Saturday, February 23, 2008

Aix marks the spot

Now that our travels--KT to Texas and Boston and myself to Michigan--are over and we can catch our breath, it's time to catch up on a few posts. We never did finish off our Provence trip from January (posts here, here and here). We decided Wednesday would be a slow day, so we didn't do much more than read and relax--I ended up reading all of Peter Mayles books--A Year in Provence, Toujours Provence, and Encore Provence . We did head over to explore the nearby village of Callas--more closed shops and restaurants--and visit their local olive oil mill where KT stocked up on gifts.

But we were saving energy for our big adventure Thursday to Aix-en-Provence (pronounced X-in-Provence), which all the guidebooks hail as the perfect Provencal city. It was about a 2 hour drive away and, after paying quite a few euros in tolls on the French highway system, we made it there around 11am.

Aix-en-Provence is big enough that it has markets everyday but Thursday is one of the Provencal market days, which means food stalls everywhere. We eagerly and quickly strolled through them--the markets close not long after noon--buying cheese, dried sausage sticks (mmm), cookies and more. Given the bright sunny day, we sat down on the steps of a nearby building and, like many others around us, basked in the warmth while we nibbled on some of the food. Aix-en-Provence is a university town of around the same size as Cambridge and given how closed rural Provence had been, we were ecstatic to see open stores, bakeries, and restaurants everywhere. And fashionably dressed people flooded the city--to my mind, Aix was a perfect Paris-lite (most of the good stuff of Paris without the density, traffic, etc).

After wandering around a bit, and having lunch at one of the many OPEN restaurants, KT played guide and took us on a walking tour that included ruins of the city's original hot springs (now the site of a fancy spa that uses the warm waters), a mansion used by some local official's mistress (picture of me at top is at the front door), and a Catholic cathedral dating back to Roman times. The church has had many additions since then--and now houses a beautiful organ (right). Afterwards, as the sun was setting and a cold wind began blowing, we stopped and had some hot chocolate and coffee in one of the many outdoor cafes dotting the city. Rather than rushing home to uncertain dinner we thought it sensible to stay in a place where restaurants actually were OPEN. After looking at menus throughout the city--French restaurants by law have to post their menus--we settled on a lovely restaurant called Le Bistrot Latin, where we dined on a spectacular and beautifully presented 3-course meal for about half the price of what it would cost in Washington DC. We had spotted the menu on our own and then noticed the NYTimes and another guidebook had recommended the place. This blog writer also had a equally delightful experience and you can see some of the food's presentation at her write-up. The profiteroles I had were an amazing dessert.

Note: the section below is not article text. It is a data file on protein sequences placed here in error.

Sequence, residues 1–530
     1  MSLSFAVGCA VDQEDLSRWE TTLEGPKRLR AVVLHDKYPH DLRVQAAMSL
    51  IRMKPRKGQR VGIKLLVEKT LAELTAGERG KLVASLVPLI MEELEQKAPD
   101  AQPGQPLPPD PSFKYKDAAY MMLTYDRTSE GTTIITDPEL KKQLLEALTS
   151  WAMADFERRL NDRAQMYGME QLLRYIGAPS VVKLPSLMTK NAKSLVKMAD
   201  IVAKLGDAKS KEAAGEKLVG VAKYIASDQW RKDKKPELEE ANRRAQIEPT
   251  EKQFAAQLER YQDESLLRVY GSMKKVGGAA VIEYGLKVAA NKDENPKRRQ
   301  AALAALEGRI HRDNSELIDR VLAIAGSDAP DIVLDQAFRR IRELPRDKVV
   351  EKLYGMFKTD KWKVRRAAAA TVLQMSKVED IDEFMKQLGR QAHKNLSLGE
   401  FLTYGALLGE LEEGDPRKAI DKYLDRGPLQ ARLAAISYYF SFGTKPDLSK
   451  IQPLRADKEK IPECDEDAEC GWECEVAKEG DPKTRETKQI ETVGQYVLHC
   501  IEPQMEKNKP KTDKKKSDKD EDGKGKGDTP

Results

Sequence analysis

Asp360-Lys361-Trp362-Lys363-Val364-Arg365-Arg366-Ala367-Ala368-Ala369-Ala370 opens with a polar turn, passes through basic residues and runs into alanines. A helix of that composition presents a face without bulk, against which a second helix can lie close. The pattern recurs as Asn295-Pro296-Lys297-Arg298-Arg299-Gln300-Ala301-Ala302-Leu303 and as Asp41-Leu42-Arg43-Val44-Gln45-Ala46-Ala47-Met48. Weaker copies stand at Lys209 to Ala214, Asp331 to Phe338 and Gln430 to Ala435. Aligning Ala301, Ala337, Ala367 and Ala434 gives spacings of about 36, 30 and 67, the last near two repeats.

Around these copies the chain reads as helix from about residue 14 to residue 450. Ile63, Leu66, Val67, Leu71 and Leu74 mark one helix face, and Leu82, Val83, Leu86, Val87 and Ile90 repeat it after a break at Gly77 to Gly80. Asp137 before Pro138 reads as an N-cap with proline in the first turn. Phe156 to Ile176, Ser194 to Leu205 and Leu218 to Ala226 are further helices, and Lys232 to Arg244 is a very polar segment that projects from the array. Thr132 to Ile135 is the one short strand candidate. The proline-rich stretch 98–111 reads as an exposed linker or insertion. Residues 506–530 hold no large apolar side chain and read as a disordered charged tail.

We made it back to Claviers late, which already put our Friday plans to visit Gorges du Verdon, France's Grand Canyon, at risk, but KT woke up feeling sick (I suspect the mushroom pizza slice from the street stall she got in Aix!). So another day of rest and reading in our stone house. I explored Claviers a bit more and found the local cemetery and its memorial to those who had died in World World I (left) and also a monument to those who fought in the resistance (right).


When you think how small the village was then and how many people they lost, it's humbling. KT learned after our trip that the father of one of her uncles had parachuted during World War II into the area where we were staying (This ambitious plan to win back souther France from Germany was called Operation Dragoon).


Saturday morning, we glanced at Claviers weekly market (only about 5 stalls--meat, fruits & vegetables, fish, eggs, etc) and the sped off for the airport. We arrived in Toulon with extra time so we pulled off into the rocky beach just outside the airport and basked in the sun one last time as we looked out over the Mediterranean sea.


Things I'll remember about Provence: the distinctive iron lattice bell towers on churches, the great meals when we could find them, excellent rose wine, mountain switchback roads, beautiful stone houses (such as ours), the mad dog that chased out of a village, food markets.

--JT



Here's a short video KT took of the mountain village we stayed in:


Claviers house and village from dceditors on Vimeo.

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